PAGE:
Themes and ideas from Tolkien are ripped and thrown together willy nilly without any of the underlying coherence, majesty, symbolism or intelligence that made them so potent in the first place. To have the creation myth of Middle Earth vulgarly Xeroxed in smudgy cartoon fashion onto a used newspaper and thrown into DnD world alongside a dozen others is a literary Nirnaeth Ardoenidad. Die Ring des Nibelungen as performed by a jostiband.

You want a good example of Elves given a completely different backstory that is compatible with their somewhat kitchen sink dnd-esque world yet retaining most of the feel of Tolkien? Warhammer! Different origins, different wars, different tragedies yet still 85% Tolkien in feel! Arrogant, tragic, hostile yet also magnificent, WHF elves haerken back to First Age Elves while seldom falling into teeth-gnashing Tarnowski style copy-pasta! The essence is retained although the content differs.

Elven deities are described, at least the book refrains from giving the gods themselves any stats, keeping their nature as fundamentally above that of mortals, which I actually kind of appreciate. Avatars have hit points and are capable of interacting in limited ways with the mortal realms, but it is made abundantly clear that a deity manifesting in the mortal realm would have infinite statts. Something is mumbled about deities never entering battle to save their worshippers but like a cross-eyed inbred  Elves never manages to connect the dots and figure out a perfect reason for the Gods not directly acting within the world of men, a reason outlined in the Silmarillion; A War between Gods in mortal realms is a CONTINENT SHATTERING, WORLD DESTROYING AFFAIR.

Portfolios are the greatest hits of the nature and elemental deities without any of the majesty or awe-inspiring immensity that should make them compelling. Conceive of the most asinine portfolio for nature deities imaginable, then strip out any compelling relationships between the deities. Include some notes on the type of miracles they can grant to worshipers in case the suffering GM, forced to wade through reams of inane blather desperately in search of a gameable idea, cannot conceive of the type of miracles a deity whose portfolio includes “All-Swimming-Things” could grant to worshipers.

There’s the mandatory section on elvish subraces which is similarly unimpressive but not glaringly offensive. The inclusion of a race of Elder Elves, de Tuatha de Danaan, with abilities like unto the elves of old is puzzling since it postulates the existence of an unexplained plane of Faerie, WHICH IS NOWHERE MENTIONED IN THE CREATION MYTH. I like it that for the first time many of the silent assumptions behind elves are finally codified or explored in a way that isn’t dumb, derivative or asinine. The degeneration of the elf compared to its ancient progenitor is made explicit, the lifespan of most elves is only half of their primordial sibling and the cause for many of the elven supernatural abilities like darkvision and preternatural hearing, an extension of their existence into the Ethereal Plane, is an elegant solution that is entirely coherent with other creatures in the DnD multiverse.

The subraces of elf proper are refreshingly devoid of a systematic treatment of minute differences in starting abilities of interest only to subterranean variants of neckbeard or gamers on the spectrum and instead lists the subraces per origin along with some minutiae like lifespan, general culture with notes on different abilities scattered throughout the text with a sort of off-handed flippancy that reminds me fondly of my skateboarding days (just kidding, I had in-line skates). The only subrace that manages to somewhat break free of the tyrannical mould forced upon it by a lazy and uncaring author is the Ice Elf. Aaaah the Ice Elf, driven from its home by invading human tribes, it makes its lairs on the snow-covered peaks and plateaus of the highest mountains. Of shorter lifespan and culled by ferocious predators, killer ice-storms and their continuing degeneration, the more you read of Ice Elves throughout the book the more you kind of start to dig them. The rest of the races may dejectedly be categorized as high elves, wood elves, grey elves (neutral), prairie elves, curry elves demi-elves and dark elves.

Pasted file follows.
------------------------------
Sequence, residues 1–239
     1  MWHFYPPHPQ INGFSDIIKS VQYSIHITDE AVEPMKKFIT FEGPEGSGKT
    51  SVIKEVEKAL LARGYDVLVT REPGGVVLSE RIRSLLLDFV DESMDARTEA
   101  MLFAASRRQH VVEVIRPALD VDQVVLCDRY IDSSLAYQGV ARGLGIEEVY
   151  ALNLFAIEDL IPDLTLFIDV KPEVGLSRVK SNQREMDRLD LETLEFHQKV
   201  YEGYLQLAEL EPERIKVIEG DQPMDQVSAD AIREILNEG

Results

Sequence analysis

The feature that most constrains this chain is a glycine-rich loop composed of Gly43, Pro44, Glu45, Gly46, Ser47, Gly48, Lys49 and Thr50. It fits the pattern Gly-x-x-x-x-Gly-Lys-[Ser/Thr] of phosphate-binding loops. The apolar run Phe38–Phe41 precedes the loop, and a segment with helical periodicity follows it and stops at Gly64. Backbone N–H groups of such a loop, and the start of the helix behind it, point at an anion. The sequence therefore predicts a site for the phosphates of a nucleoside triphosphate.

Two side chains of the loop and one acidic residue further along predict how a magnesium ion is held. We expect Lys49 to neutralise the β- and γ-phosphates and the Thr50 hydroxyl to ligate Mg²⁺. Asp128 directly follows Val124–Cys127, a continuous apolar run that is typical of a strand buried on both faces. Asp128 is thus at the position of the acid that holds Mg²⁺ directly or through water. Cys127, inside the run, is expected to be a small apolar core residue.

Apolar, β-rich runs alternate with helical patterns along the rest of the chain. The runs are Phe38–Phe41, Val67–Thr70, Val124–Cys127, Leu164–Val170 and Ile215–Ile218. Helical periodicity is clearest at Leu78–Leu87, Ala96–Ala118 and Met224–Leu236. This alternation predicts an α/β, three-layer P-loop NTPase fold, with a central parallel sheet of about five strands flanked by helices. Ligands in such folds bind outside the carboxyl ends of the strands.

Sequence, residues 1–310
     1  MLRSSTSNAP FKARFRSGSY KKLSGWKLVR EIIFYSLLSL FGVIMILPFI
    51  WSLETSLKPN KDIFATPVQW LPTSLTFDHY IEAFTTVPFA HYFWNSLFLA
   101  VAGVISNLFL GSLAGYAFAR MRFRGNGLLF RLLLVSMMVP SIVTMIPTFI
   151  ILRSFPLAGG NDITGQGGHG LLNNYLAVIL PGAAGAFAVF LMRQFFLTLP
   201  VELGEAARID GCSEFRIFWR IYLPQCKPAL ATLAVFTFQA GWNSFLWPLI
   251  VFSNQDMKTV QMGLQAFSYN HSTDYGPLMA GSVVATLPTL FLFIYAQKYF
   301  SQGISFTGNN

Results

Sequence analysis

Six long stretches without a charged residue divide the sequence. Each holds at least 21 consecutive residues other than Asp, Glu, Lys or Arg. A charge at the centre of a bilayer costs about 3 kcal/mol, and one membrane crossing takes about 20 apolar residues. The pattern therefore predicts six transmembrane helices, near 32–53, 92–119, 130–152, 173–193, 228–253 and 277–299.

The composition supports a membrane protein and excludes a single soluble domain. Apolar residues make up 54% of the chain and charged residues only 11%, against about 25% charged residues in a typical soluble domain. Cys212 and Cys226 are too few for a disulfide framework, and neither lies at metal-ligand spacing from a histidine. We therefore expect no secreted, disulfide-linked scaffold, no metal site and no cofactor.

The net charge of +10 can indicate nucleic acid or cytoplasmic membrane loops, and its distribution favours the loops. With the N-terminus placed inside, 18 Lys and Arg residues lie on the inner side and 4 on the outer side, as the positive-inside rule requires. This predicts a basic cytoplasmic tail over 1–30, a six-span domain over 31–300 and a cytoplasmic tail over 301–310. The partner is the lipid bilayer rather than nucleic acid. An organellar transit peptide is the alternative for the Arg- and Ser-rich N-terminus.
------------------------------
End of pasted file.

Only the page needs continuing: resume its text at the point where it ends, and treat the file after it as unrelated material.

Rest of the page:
Culture is treated in general fashion and further specified with each sub-race. Elves have kings like in Tolkien, but also councils like in Tolkien. Their language is the language of elves.

If after this overview you have not desperately reached for a bottle of laudanum, searching in vain for respite from the torture of a hellish universe ruled by a cruel and sadistic demiurge, the book proper is divided into a series of chapters on each subrace. Each subrace has a sample settlement (godawfully inane), notes on unique abilities, culture, physiology and unique magic items, followed by an adventure.

Unlike Dark Folk the adventures are connected into a single grand quest across the sample setting, with the PCs seeking to re-assemble the heirlooms of Annoc to fight the evil Morda. The scope of the quest is actually given an appropriate size and length, and each adventure concerns the reclamation of a single artifact.

The cities are trash. The wonder and majesty of the elves is rendered banal and sterile. Forget descriptions of ancient battles, structures crafted with long lost arts or hooks and quests galore, instead an endless desolation of city map followed by entries for mundane shopkeepers. Endless lists of silver-smiths, tavern keepers, continual light lamp salesmen and tavernkeepers. Dreadful.

Part 1: Wood Elves. 

The Free City is the possibly the most egregious entry in the whole supplement, being of interminable length and offering truly astounding quantities of mundane shops, mundane patrol schedules, the aforementioned Continual Light Shoppe and a House of Joy filled with disease ridden harlots, presumably Elven, just to further strip the noble wood elf race of any dignity it once held. Instead we are confronted by this ramshackle edifice to consumerism, debasement and industry. This is the only city that has anything in the form of adventure, a malicious thieves guild plies its ignoble trade amid the hollowed out oaks of a greater civilization. I am astounded the elves are not described as covered in filth, inbred and alcoholic.